Just at the end, I added the flour as a thickener. I imagine that I could have added it at the beginning, and it probably would have been OK, but I think it maintains the thickness better. I’ve heard that tapioca powder is a really good thickener, and it can be added at the beginning.

This is a yummy basic stew. To pick this up a bit, and take it to another level, put the dutch oven on the coals with just the oil. Let it heat up a bit, then brown the meat, the onions, the garlic, and the mushrooms. Then add everything else. Also, when you serve it, garnish it with a few crumbs of feta cheese!

Friday, October 10, 2008

Dutch Oven Chicken Enchilada Soup

So much stuff to write about! Good news and bad news.

First the bad news. As is my tradition, I tried to make sweet rolls for conference. They bombed. Badly. I could NOT get them to rise, and they ended up baking up as inedible bricks. Bleah. I double-checked my recipe, and I’d followed it right. I also checked it against some other recipes in books and it seemed reasonable to work. So, I have no idea why it flopped.


But, later that day, I made a chicken enchilada soup, sort of in the style of chili’s restaurant. THAT turned out GREAT!

Here’s the recipe:

Dutch Oven Chicken Enchilada Soup

12” Dutch Oven
20+ coals underneath

½ c vegetable oil
1 chicken bullion cube
2 medium onions, diced
2 t minced garlic
1-3 lbs boneles chicken, cubed or cut into small chunks
2 t ground cumin
2 t chili powder
½ t cayenne pepper
1 jalapeno, sliced thin
Liberal pour lemon juice

2 C Masa harina
1 quart water

2-3 more quarts water
2-3 chopped tomatoes
½ lb processed American cheese, cubed

I started out by putting my 12” dutch oven on a lot of coals, about 20 or so. I put in some oil and let it heat a little while I gathered all the ingredients in the first list. Once assembled, I dumped them in and started them sautéing in the oil.

The next step is to prep the masa. This is corn masa, the same stuff used to make tamales and things. I mixed the two cups with a quart of water, and stirred out all the lumps. Actually, I got out my pastry cutter and used that for a while, too. Once the lumps were out, I added that to the pot. I’m keeping the pot covered this whole time, opening it up only to stir, because it’s cold out, and I’ve found I can keep it hotter inside if I do it that way.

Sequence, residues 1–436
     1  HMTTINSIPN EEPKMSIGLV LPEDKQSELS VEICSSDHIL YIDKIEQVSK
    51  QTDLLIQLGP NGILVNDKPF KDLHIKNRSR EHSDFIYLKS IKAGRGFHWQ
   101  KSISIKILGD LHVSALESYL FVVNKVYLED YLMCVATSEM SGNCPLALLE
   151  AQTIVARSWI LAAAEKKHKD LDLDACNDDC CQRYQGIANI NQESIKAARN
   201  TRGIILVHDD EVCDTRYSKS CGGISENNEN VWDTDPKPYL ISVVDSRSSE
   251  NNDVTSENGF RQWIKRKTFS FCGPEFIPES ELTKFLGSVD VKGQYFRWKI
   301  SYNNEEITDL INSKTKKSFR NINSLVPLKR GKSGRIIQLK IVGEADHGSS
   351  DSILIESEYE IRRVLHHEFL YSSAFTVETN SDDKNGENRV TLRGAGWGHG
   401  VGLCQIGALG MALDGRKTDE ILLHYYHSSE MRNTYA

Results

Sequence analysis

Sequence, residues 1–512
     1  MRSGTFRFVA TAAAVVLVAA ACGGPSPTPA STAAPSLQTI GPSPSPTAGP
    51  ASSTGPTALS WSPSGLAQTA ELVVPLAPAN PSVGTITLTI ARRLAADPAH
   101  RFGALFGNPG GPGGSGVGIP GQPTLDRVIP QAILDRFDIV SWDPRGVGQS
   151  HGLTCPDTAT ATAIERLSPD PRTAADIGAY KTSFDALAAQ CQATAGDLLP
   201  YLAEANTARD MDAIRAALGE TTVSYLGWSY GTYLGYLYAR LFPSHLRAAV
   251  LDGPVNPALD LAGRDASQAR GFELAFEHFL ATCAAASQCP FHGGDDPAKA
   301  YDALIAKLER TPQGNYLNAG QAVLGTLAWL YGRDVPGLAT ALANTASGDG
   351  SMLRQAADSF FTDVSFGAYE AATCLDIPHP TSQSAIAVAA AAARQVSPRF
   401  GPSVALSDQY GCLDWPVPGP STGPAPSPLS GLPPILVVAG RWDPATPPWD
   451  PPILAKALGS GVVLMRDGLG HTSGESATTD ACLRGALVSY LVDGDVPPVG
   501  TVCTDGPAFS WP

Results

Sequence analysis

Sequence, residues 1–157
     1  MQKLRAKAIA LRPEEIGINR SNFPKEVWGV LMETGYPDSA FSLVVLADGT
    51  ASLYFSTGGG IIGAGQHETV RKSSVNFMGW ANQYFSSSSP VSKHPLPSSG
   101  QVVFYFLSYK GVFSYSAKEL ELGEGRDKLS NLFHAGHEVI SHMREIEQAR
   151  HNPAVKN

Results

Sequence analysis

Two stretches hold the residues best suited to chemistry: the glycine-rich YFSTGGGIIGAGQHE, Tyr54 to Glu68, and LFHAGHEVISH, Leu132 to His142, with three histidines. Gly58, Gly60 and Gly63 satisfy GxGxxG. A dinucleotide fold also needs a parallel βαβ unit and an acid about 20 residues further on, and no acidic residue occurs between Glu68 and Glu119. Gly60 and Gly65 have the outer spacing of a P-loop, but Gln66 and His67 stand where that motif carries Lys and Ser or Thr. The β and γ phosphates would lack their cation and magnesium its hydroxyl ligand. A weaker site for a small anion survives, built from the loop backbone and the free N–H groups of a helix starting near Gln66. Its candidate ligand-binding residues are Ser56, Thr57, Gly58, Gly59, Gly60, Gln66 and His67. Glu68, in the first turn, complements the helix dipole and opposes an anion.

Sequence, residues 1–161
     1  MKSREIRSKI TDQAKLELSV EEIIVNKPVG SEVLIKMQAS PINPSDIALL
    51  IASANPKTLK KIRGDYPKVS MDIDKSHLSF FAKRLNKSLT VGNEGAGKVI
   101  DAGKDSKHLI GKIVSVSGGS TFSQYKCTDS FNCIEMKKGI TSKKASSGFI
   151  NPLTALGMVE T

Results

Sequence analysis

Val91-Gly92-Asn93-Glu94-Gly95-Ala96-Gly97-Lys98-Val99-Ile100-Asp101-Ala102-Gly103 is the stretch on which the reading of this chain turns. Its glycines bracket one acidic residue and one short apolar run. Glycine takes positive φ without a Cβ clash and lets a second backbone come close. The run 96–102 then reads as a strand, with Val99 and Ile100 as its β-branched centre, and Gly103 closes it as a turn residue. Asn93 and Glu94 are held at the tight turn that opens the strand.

Once that was bubbling, I added more water. I don’t really know how much, I just added enough to fill the dutch oven. Not to the brim, but close. I also wanted it to have the texture of a really thick soup, not a paste.

Finally, I added the tomatoes and the plastic cheese. I really don’t like using velveeta. I shudder even to type that. My wife insisted that it was the only way it would melt smoothly. Later, a friend of mine said that there was probably enough masa to keep the cheese smooth. I don’t know. I just have this aversion to “pasteurized process American cheese food substitute”. I mean, how far from “cheese” can you get?

But in the end, the result was what I was looking for. It tasted great!

As it was simmering, I put another 15-20 coals under an upturned dutch oven lid, and I heated up a stack of flour tortillas. The way I love eating this soup is to scoop it up in a torn tortilla and eat them both.

Now, this recipe makes a LOT of soup. And, it’s also VERY filling, so unless you’re feeding an army, there will be lots left over for lunches. I’ve found that when I reheat it, I need to mix in some more water to get it back to the consistency of a soup, and not so much of a gel.

Oh! And I promised another bit of good news…

Brendon, my budding chef, made fruit smoothies tonight. Ice, milk, grapes, sugar, all like he likes it, but he couldn’t find the cinnamon to spice it up. So, on a whim, he tries ground dried mint leaves. I was blown away. I couldn’t believe the taste! It had a delicious, and almost indescribable aftertaste. A bit minty, yes, but with the grapes very different! It has made me start to rethink all of my rules regarding “sweet” herbs and spices.

He’s good, that one…